There is a lot of pressure on your B2B sales teams. The numbers don’t lie: 30-50% of closed sales, for example, go to the vendor that responds the fastest. They have to be quick to the punch or miss out on revenue opportunities. Also, 80% of sales require a minimum of 5 follow-ups to actually close. They need to put out a lot of effort. It can be very stressful. Unless, that is, they’re trained properly and effectively before being sent out to do their jobs.
No matter how skilled or talented a sales team is, they’re going to require training because each company is different in too many ways and aspects. In many ways, the same can be said of products and services. While skill and talent will go far, equipping your B2B sales teams with the knowledge and tools they need goes a long way towards their success. Let’s take a look at 5 tips sourced from the best sales teams that translate to effective training.
Tip #1: Incorporate Assessments as Part of Training
Many companies have training regimes that are very passive. They seem to think that just cramming all that information into their sales reps is sufficient. What this approach lacks is key assessment into whether or not they fully understand the materials and information that they’re consuming. Consumption ultimately is measured by completion of the course, assessment tells you how much they’re actually learned.
A common and easy assessment to include in your training are knowledge checks. These are quizzes and tests that you can have at the end of each particular discussion and can be multiple choice for easy answering. These can then be complemented by simulation activities like role-playing or practicing development of key pitches to be assessed by your training team. Finally, include observational assessments that gauge how your sales team applies what’s learned out in the field.
Tip #2: Lean on the Value of Peer Learning
91% of sales reps believe in the importance of peer learning as far as improving their performance is concerned. After all, there’s a lot that can be said about the value of experience, especially when they come from the veterans of your B2B sales teams. Sure, there’s value in a structured syllabus, but there are many aspects that can’t be covered except by those who have been on the frontlines and survived to fight another day.
One great way to do this is to invite your veterans to speak on video about scenarios that might be of value to newer team members. The reason for this is so that those particularly stand-out experiences should be saved for indefinite use to benefit sales teams through the years. After all, veterans move on to different jobs and companies or even retire. It would be a waste not to capture what they know for your sales teams’ continued benefit.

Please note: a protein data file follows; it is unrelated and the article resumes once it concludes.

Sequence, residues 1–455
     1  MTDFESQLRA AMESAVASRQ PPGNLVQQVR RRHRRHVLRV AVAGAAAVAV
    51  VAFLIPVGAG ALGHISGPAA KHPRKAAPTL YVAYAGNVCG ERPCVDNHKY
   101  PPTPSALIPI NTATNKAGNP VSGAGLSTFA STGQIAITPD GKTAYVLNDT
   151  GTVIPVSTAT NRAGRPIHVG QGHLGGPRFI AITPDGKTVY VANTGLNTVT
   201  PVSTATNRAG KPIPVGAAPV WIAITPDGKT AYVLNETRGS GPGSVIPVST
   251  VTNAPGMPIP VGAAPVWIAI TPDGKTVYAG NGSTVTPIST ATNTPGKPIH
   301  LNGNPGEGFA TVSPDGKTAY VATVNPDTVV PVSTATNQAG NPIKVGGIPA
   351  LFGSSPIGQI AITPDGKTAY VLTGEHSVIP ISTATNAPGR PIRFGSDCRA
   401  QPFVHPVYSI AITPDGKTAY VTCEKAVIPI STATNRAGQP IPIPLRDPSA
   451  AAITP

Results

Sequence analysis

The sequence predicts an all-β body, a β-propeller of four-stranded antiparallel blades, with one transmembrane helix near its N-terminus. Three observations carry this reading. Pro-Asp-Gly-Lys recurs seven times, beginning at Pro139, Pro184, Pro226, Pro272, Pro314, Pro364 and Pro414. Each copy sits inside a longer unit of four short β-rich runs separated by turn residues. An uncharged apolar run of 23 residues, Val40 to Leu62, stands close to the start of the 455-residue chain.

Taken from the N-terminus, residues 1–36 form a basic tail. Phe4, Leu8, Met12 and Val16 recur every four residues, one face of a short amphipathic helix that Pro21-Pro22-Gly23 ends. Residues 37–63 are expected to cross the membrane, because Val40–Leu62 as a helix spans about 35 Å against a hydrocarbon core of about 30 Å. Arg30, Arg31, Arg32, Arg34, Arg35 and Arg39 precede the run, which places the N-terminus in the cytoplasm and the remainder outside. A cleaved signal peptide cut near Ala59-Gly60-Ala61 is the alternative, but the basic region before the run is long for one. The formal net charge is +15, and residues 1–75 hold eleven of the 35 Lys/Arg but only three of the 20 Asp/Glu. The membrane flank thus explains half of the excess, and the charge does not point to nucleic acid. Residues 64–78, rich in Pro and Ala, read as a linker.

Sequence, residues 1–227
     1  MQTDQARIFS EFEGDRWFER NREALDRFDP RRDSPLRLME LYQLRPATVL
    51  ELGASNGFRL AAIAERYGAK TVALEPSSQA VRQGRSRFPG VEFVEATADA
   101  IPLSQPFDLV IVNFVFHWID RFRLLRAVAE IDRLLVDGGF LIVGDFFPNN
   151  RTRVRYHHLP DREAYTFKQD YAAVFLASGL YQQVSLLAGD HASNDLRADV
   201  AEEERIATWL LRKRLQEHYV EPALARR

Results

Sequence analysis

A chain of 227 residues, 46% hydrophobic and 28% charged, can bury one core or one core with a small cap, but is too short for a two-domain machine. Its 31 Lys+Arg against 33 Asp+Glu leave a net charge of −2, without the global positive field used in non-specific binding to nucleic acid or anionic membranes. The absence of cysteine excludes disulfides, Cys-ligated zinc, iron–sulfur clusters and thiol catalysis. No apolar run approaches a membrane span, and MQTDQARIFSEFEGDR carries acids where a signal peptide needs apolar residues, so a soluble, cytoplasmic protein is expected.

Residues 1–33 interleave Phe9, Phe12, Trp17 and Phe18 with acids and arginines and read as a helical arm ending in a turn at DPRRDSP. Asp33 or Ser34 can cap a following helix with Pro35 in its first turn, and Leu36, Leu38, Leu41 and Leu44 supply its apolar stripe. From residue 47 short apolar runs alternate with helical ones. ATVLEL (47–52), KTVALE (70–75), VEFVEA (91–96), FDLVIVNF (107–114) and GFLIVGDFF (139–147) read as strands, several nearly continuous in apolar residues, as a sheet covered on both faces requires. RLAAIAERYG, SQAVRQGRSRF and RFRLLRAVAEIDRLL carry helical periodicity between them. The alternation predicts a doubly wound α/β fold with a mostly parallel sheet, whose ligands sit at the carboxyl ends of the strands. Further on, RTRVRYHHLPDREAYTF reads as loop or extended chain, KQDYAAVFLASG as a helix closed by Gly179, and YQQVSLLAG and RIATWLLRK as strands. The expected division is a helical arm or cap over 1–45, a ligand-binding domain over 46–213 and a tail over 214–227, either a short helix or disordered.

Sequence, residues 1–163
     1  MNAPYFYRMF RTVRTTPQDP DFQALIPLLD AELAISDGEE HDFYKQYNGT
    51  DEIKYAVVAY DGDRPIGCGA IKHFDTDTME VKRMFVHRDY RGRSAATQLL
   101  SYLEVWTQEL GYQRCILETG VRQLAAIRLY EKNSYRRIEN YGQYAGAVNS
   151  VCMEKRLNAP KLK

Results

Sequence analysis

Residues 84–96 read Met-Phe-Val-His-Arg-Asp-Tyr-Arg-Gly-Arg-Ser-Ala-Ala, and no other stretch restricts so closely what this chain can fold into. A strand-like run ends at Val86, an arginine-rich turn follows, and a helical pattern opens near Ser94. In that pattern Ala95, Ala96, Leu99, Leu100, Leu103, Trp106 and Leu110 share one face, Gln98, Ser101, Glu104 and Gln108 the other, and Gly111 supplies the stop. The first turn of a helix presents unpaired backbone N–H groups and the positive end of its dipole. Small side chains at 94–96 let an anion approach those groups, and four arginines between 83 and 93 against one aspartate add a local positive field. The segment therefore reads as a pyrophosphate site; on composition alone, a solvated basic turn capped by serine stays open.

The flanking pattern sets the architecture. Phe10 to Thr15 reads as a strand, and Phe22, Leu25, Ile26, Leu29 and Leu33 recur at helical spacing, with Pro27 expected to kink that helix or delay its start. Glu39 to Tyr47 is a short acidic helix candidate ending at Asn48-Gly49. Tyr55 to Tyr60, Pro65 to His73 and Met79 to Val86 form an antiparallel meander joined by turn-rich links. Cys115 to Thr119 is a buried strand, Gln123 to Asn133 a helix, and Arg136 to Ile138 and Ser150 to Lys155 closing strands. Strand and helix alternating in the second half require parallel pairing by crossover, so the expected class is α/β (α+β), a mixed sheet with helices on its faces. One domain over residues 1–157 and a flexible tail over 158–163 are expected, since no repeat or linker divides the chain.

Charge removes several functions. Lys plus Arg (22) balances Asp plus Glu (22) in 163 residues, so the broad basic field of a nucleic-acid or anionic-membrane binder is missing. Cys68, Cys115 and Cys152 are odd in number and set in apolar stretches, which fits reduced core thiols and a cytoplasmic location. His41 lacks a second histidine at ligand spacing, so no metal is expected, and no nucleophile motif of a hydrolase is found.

Tip #3: Include the Customer Experience in Training
A staggering 77% of buyers believe that sales reps don’t understand their needs at all. It’s a sobering number and one that’s the likely result of training that focuses exclusively on products and brand messaging. Not that either one isn’t important, but a lack of understanding of the customer side of things tends to leave you with spiels that sound cold and automatic and sales reps that aren’t inclined to be empathic.
One clear way out of this problematic setup is to throw in a deep dive into the customer journey. Call recordings from the most effective and least effective sales reps currently on your team will help here—which is why disclaimers for recordings exist. These will help your trainees have real world view of what it is like from the customers’ points-of-view and foster in them a deeper understanding and appreciation of their potential customers’ experiences.
Tip #4: Add in Objection Handling
Even the very best sales reps find their greatest challenges in customer objections. After all, nothing can stop a well-prepared and well-delivered spiel in its tracks more than a lead expressing doubts, exhibiting misunderstanding of what you offer, and pointing out limitations and drawbacks—or worse, indifference. Oftentimes, your reps and their confidence in the face of such objections can spell the difference between a closed sale and a missed opportunity.
Create training material that breaks down the basics of handling common objections. Focus on the potential reasons behind the objection in order for your reps to appreciate where the customer is coming from. Teach them not the direct responses they should give but rather stress the importance of analysis in order to give a counter that’s not only more natural-sounding but also indicative of genuine understanding.
Tip #5: Detail Your Process Clearly
All that out of the way, you also have to make sure that they fully understand your sales process. This begins, of course, with the actual steps to be taken as dictated by your sales strategy, but should also include the “why” behind those steps. While processes are naturally somewhat rigid, you should also add in training for many untoward scenarios that may arise. Where possible, factor in troubleshooting for scenarios that your sales teams have experienced through the years.
A great sales process moves beyond just one step after the other but rather takes into account the challenges that your sales teams are likely to face. So, even before training your sales reps, you need to make sure that your own processes are well-built. A shaky foundation here will translate to poor training and even poorer sales reps. Don’t be so focused on the training that you ignore what’s critical to begin with—a solid, grounded sales strategy.
Give Your Sales Teams The Edge
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